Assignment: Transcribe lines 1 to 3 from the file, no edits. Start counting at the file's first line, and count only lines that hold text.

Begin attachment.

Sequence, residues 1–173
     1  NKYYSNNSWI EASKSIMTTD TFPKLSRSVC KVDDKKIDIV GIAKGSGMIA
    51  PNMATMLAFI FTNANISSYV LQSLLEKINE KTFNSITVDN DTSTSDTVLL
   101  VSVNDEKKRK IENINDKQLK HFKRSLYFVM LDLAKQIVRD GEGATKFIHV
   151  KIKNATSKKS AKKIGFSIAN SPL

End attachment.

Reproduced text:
Sequence, residues 1–173
     1  NKYYSNNSWI EASKSIMTTD TFPKLSRSVC KVDDKKIDIV GIAKGSGMIA
    51  PNMATMLAFI FTNANISSYV LQSLLEKINE KTFNSITVDN DTSTSDTVLL